The catch: They will swap roles as Rick takes on reviews of television Christmas specials and Kate takes on Christmas movies. Today is day 16.
Written by Frank Cottrell Boyce
Directed by Danny Boyle
What’s it about?
7-year-old Damian Cunningham is still processing the loss of his mother his family’s move to the suburbs when a bag of money falls out of the sky. Damian wants to give it to people in need, though his older brother has other ideas, but the man who comes looking for it has a far more sinister plan.
At first glance, one might not associate Millions with its director, Danny Boyle. It’s a sweet family film worlds apart from some of his other work (Trainspotting, 28 Days Later, 127 Hours). Upon closer inspection, however, it is the directorial flair and personal touches he brings that make Millions as successful as it is. Damian’s flights of fancy, as he converses with dead saints and religious figures, are whimsical while remaining absolutely grounded. Several truly frightening moments also benefit from Boyle’s aptitude for horror, but more than anything, the characters are well-defined and absolutely authentic.
The film rests upon the back of Alex Etel, who is great as Damian. He is utterly watchable and his progression through the film is apparent. The character is also very well written and written to- Frank Cottrell Boyce never talks down to him and makes Damian smart and industrious without ever seeming more than his young age. Damian’s brother Anthony is also ably played by Lewis Owen McGibbon. McGibbon layers in enough pain to Anthony’s edge and “worldliness” to give his tough guy act the right opacity- at certain times it holds up, but at others, the audience sees right through it. The adults give strong performances as well, but the most striking moments involve the kids.
From the glow of candy wrappers reflected over Damian’s face to his slow trudge up a hill with his wooden donkey, Boyle creates beautiful visuals throughout the film, using color as a guide to Damian’s journey. From the light greens and browns of his early scenes by the train tracks to the whites and dark blues of his attic to the warm orange of a late-film fire, there are clues everywhere to his state of mind. Boyle also transitions seamlessly in tone, switching from realism to escapism at the drop of a hat. This story is not only about Damian, but is told through his point of view, the perspective of a child who has difficulty separating the real world from his imagination.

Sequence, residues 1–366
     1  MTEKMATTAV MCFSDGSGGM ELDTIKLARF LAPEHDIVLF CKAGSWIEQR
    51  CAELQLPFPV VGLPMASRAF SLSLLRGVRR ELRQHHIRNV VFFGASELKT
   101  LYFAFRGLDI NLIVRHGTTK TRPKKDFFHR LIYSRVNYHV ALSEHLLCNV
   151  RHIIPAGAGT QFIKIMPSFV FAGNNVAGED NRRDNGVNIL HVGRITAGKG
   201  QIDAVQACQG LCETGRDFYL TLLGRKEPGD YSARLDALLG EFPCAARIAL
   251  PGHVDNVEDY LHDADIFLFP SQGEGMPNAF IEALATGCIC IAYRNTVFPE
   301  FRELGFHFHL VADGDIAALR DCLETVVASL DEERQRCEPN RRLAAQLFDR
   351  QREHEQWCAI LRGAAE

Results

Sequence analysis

Perhaps the single best descriptor of this film is, “sweet,” or perhaps “whimsical,” terms which may scare some viewers off. Those concerned need not fear, as there are dramatic stakes as well as an overall tinge of sadness that keep the movie from venturing into the sugary-sweet realm of many family films, particularly set around Christmas. The heist element helps in this as well, as well as enough successful comedy to keep things moving over the movie’s tight, <100 min runtime. Nothing in Millions hasn’t been said before, and said well, but Boyle’s direction and several performances make the familiar revelations engaging and worth spending a bit of time on.
How Christmassy is it?
With scenes of Christmas shopping and a pageant figuring prominently, along with its religious elements, the season is strongly felt. On the Christmas movie scale (1=Brazil, 5=A Christmas Story), this gets a 4.
You May Like It If…
You like realistic looks at kids or Danny Boyle.
Millions is a thoughtful, entertaining look at childhood loss that fans of Danny Boyle should seek out.